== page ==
I’ve put forward a physiological hypothesis to explain the psychological Opponent Process theory, which I call the Receptor Control Theory. In essence, our pleasure set point or baseline “happiness” is determined by the density and sensitivity of dopamine receptors in the brain (and elsewhere). In this view, obesity and addiction result from a process of “dopamine resistance”, whereby receptor down-regulation impairs satisfaction and drives cravings. Conversely, high receptor density and sensitivity promote satisfaction and dampen cravings.

~ Todd Becker from, overcome-obesity-and-addiction/

Phone use might rise to the level of a literal addiction. Its use can certainly cause dopamine release, which is a strong motivator that plays a role in addiction. I used to think that wasn’t true… That my phone didn’t cause dopamine release… That my phone wasn’t causing manipulation of my motivations… then I tried to put my phone down for an entire day.

And then I set about separating using my phone as a tool—which I can do a lot without it being addictive—from my phone’s use of me as a tool.


What causes allergies and autoimmune disease?

The agent of our immunological misery is the disappearance of something we co-evolved with in a mutually beneficial relationships: microbes and parasites that have lived inside our bodies for millennia.

This new hypothesis is brilliantly summarized in a recent book by Moises Velasquez-Manoff: An Epidemic of Absence: A New Way of Understanding Allergies and Autoimmune Disease.

~ Todd Becker


The paradox of barefoot running

So the explanation here is clear: Our skeletons, musculature and nervous systems are highly refined and well-coordinated adapative systems which adjust both instanteously and by means of longer term adjustments to in order handle the terrain. These “proprioceptive” adjustments take place virtually beneath the level of consciousness, through the exquisite feedback systems of our body and brain. Try to circumvent these systems, and the protective mechanisms will weaken, exposing us to injury.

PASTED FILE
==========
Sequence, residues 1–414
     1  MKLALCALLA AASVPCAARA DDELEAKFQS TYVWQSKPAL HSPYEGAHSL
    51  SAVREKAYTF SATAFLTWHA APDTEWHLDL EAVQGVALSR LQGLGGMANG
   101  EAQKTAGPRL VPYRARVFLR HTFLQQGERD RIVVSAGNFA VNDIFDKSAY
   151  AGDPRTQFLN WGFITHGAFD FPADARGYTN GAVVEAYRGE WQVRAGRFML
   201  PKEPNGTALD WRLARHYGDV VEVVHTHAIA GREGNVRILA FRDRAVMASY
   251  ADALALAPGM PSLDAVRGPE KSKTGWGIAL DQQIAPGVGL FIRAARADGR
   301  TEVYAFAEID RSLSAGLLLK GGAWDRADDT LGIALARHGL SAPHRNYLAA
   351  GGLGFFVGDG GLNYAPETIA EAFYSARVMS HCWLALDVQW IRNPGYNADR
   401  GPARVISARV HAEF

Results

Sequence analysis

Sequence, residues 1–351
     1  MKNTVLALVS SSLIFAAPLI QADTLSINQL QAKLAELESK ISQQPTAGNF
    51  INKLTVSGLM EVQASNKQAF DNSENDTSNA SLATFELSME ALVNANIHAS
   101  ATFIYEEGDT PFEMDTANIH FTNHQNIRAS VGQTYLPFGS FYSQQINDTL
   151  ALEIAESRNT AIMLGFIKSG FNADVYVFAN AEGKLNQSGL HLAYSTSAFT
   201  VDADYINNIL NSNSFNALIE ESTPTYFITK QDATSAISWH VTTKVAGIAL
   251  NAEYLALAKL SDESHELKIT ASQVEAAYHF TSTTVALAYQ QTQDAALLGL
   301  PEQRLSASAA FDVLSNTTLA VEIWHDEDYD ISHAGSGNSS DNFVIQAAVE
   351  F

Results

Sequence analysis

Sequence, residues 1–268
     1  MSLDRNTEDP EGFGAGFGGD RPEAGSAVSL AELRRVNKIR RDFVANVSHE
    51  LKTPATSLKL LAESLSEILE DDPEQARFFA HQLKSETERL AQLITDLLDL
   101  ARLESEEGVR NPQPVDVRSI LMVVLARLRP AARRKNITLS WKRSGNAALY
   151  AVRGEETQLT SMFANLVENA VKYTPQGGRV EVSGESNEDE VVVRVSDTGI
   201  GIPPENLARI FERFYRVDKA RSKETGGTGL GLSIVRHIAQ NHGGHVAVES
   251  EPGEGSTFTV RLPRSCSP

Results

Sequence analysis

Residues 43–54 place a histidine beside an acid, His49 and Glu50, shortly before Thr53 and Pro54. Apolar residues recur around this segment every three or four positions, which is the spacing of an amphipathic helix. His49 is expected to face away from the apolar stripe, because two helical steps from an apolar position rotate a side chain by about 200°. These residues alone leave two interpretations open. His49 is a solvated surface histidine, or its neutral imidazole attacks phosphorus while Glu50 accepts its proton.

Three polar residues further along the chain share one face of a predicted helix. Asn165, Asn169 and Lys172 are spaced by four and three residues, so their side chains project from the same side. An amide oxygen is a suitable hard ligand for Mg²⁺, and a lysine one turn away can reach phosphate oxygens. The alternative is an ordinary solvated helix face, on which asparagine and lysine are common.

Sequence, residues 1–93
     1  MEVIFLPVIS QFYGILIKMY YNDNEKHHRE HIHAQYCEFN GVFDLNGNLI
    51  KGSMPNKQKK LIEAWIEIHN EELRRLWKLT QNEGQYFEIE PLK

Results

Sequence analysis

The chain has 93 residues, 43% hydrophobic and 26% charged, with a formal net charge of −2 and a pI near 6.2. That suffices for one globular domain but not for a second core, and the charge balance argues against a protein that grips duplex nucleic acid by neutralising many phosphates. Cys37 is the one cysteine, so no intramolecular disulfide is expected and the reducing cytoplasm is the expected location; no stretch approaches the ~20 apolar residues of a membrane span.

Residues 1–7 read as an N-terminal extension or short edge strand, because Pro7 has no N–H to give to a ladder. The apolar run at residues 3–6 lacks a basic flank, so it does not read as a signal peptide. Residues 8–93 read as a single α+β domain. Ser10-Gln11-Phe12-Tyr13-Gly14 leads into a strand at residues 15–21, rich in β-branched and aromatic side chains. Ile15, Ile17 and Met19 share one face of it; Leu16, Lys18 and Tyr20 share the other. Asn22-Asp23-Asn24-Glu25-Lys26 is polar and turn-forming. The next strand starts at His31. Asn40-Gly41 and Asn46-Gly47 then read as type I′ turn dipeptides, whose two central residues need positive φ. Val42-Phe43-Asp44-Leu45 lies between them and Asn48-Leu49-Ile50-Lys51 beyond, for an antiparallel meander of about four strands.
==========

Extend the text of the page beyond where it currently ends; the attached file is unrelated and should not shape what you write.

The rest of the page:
~ Todd Becker from,


Boosting your adaptive reserves

Heart rate variability turns out to be a generalized, deep measure of health. That’s because higher HRV is a strong indicator of resilience to stress, while low HRV is a sign of reduced capacity to tolerate stress. And at the deepest level, health is resilience, and diseases in various ways compromise resilience.

~ Todd Becker

This is a REALLY good article on understanding heart rate variability. Turns out, the MORE your heart rate varies — in terms of the variation of the timing from one beat to the next — the more that indicates good cardiovascular health. I found that idea to be counter-intuitive. I would have guessed, wrongly, that the more regular the heart beats were, the better.